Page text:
The IDF is concerned about the increase in the use of cannabis in the army and next week a committee appointed by Chief of Staff Aviv Kochavi will present its recommendations formulated on this issue, Yedioth Ahronoth correspondent Yossi Yehoshua reported this morning.
Among the committee's recommendations are measures that include denial of benefits and economic sanctions against soldiers caught by cannabis smokers, apparently even if cannabis smoked at home on vacation, if they admit more than five such cases.
According to the report these sanctions include for example the denial of benefits such as a combatant certificate, reduction or denial of release grant, cancellation of deposit and prevention of vacations, vacations and unit evictions.
The IDF also intends to build training courses for commanders, information campaigns for soldiers, a request for parents to create a joint effort, an internal IDF campaign on the dangers of using drugs while filling a military position, and more.
This decision comes though Reform Which was implemented by the IDF two years ago, in which it was determined that soldiers who smoked cannabis while on holiday less than 5 would not be punished in criminal cases.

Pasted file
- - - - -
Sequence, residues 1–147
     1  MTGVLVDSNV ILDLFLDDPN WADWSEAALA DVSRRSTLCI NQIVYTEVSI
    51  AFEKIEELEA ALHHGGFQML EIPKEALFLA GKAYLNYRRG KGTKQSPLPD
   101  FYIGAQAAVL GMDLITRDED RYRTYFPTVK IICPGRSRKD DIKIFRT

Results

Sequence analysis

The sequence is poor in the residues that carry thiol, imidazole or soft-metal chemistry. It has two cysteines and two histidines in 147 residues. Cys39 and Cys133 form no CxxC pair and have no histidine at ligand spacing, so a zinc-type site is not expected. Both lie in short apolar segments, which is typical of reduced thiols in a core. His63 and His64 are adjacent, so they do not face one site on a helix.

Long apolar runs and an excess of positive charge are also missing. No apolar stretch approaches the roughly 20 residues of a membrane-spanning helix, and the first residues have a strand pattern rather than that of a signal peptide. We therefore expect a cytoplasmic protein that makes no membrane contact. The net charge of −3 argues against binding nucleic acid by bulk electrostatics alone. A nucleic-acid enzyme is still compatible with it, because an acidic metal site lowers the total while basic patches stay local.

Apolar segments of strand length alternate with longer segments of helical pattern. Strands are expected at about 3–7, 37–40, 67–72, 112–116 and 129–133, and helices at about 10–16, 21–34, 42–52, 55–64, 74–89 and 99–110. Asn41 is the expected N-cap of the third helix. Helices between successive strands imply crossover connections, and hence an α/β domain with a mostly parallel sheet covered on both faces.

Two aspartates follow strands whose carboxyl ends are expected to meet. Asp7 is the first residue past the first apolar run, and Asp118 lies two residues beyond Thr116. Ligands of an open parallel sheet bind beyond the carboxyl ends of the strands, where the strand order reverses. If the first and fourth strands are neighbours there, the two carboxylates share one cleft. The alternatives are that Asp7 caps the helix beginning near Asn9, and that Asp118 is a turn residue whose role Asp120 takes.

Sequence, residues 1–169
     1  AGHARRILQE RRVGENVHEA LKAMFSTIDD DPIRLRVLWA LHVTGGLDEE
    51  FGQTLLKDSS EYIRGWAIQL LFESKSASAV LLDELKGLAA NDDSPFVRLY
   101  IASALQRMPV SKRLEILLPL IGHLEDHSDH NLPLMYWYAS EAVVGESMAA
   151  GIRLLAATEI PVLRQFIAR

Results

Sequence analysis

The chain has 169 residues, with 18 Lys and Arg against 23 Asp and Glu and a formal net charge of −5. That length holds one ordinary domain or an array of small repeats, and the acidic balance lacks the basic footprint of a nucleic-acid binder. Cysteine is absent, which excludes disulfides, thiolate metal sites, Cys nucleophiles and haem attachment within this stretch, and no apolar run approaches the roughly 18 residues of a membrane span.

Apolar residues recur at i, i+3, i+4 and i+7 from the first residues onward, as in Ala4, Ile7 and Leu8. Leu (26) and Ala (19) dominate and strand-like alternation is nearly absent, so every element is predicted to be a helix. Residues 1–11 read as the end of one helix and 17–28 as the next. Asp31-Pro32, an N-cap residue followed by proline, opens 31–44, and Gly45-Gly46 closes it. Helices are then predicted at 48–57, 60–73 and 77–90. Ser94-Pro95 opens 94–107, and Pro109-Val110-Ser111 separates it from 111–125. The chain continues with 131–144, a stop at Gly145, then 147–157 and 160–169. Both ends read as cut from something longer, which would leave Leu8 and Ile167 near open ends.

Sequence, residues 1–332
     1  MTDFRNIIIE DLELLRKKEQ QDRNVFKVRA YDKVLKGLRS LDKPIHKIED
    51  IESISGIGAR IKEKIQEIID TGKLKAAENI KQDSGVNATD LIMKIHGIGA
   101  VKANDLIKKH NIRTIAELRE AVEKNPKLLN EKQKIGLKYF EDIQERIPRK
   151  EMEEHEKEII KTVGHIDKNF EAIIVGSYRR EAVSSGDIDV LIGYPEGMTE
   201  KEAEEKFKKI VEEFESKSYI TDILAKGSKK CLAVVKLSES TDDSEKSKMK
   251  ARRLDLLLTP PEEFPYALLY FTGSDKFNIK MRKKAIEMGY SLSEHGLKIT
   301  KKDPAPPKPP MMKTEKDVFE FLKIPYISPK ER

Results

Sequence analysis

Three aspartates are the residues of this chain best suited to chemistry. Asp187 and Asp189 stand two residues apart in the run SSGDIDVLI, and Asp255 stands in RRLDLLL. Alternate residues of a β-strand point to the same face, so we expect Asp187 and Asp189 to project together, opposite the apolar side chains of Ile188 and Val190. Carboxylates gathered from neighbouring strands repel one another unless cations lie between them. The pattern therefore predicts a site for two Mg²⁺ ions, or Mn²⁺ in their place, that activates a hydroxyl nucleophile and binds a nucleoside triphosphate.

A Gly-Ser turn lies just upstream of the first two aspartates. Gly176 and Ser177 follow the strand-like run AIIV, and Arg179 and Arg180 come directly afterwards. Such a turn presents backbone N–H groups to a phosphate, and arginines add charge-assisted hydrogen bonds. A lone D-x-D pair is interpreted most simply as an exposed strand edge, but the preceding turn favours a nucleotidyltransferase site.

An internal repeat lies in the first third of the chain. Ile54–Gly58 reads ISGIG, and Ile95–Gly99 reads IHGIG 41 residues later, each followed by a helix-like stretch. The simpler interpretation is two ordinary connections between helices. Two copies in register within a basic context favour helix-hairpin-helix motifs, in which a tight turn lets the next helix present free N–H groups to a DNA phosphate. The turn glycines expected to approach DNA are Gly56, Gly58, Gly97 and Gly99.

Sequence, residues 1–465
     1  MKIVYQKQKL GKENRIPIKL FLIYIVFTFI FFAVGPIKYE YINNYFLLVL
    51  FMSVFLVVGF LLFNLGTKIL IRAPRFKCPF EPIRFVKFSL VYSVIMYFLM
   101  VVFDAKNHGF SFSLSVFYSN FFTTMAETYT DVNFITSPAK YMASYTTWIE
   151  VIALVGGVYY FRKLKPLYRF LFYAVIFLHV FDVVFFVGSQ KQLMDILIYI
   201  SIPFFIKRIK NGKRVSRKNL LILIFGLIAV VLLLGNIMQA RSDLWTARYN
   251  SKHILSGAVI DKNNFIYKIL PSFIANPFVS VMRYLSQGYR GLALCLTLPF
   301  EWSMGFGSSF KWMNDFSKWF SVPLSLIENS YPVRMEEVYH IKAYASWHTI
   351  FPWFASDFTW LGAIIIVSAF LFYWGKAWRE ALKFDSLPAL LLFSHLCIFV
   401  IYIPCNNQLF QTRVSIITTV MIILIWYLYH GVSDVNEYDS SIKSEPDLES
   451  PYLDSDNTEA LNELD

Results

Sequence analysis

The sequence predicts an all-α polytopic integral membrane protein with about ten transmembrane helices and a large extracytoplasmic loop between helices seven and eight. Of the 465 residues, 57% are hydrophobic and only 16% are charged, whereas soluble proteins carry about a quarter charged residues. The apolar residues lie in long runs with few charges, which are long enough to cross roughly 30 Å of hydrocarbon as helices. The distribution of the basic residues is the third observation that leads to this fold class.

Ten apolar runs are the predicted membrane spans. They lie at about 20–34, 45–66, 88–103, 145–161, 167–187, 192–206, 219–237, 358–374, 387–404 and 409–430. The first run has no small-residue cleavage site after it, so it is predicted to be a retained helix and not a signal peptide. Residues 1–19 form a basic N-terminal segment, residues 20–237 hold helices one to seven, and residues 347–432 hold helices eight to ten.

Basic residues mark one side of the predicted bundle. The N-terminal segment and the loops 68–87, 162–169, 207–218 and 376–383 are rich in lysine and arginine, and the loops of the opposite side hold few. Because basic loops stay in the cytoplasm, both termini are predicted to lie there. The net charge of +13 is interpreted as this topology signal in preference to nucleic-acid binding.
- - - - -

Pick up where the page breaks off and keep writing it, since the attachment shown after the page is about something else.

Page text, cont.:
Concurrently with the implementation of the reform, the Military Police began efforts to capture soldiers using cannabis inside the base, during the service, and accordingly They jumped The enforcement data against this use is more than 2.
Following these data, the chief of staff decided to establish a committee to examine how to deal with the phenomenon. The head of the committee was appointed Chief Military Police Officer, Brig. Gen. Yair Barkat, and members of the military police, the Military Advocate General, the Education Corps and commanders.
According to the report in Yedioth Ahronoth, a senior officer testified that "the phenomenon of drug use constitutes a significant threat in view of the responsibility imposed on soldiers and combatants and the dangerous influence of prohibited substances on operational activity."
The committee's recommendations were presented to the head of the manpower division, Major General Motti Almoz, as well as to the Military Advocate General, Major General Sharon Afek, and will be presented to Chief of Staff Kochavi next week.
On the other hand, the military advocate general, Col. Ran Cohen, claims that there is no point in adding sanctions beyond those that exist, and that the existing punishment is severe as it is.
"The Military Advocate General's position should not add sanctions to the legal proceedings being taken today and to the already serious punishment of soldiers serving in the army," he told Yedioth Ahronoth.
He added: "Today, the punishment of soldiers for drug use is immeasurably more severe than that of their fellow citizens, and there is certainly no justification for aggravating the harm to them. On the contrary, it is appropriate to narrow the unjustified gap. "